Activation of the IGF Axis in Thyroid Cancer: Implications for Tumorigenesis and Treatment

Int J Mol Sci. 2019 Jul 2;20(13):3258. doi: 10.3390/ijms20133258.


The Insulin-like growth factor (IGF) axis is one of the best-established drivers of thyroid transformation, as thyroid cancer cells overexpress both IGF ligands and their receptors. Thyroid neoplasms encompass distinct clinical and biological entities as differentiated thyroid carcinomas (DTC)-comprising papillary (PTC) and follicular (FTC) tumors-respond to radioiodine therapy, while undifferentiated tumors-including poorly-differentiated (PDTC) or anaplastic thyroid carcinomas (ATCs)-are refractory to radioactive iodine and exhibit limited responses to chemotherapy. Thus, safe and effective treatments for the latter aggressive thyroid tumors are urgently needed. Despite a strong preclinical rationale for targeting the IGF axis in thyroid cancer, the results of the available clinical studies have been disappointing, possibly because of the crosstalk between IGF signaling and other pathways that may result in resistance to targeted agents aimed against individual components of these complex signaling networks. Based on these observations, the combinations between IGF-signaling inhibitors and other anti-tumor drugs, such as DNA damaging agents or kinase inhibitors, may represent a promising therapeutic strategy for undifferentiated thyroid carcinomas. In this review, we discuss the role of the IGF axis in thyroid tumorigenesis and also provide an update on the current knowledge of IGF-targeted combination therapies for thyroid cancer.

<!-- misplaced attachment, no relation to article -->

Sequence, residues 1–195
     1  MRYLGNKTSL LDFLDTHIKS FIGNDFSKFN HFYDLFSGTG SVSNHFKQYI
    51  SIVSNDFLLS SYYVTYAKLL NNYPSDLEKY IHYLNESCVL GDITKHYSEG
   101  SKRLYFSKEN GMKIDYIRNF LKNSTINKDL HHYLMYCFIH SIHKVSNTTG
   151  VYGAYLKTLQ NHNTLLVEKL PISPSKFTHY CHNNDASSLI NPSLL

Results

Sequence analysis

Keywords: IGF axis; therapeutic approach; thyroid cancer.

Publication types

  • Review

MeSH terms

  • Animals
  • Antineoplastic Agents / pharmacology
  • Antineoplastic Agents / therapeutic use
  • Carcinogenesis / drug effects
  • Carcinogenesis / metabolism*
  • Carcinogenesis / pathology
  • Humans
  • Molecular Targeted Therapy
  • Signal Transduction* / drug effects
  • Somatomedins / metabolism*
  • Thyroid Neoplasms / drug therapy
  • Thyroid Neoplasms / metabolism*
  • Thyroid Neoplasms / pathology


  • Antineoplastic Agents
  • Somatomedins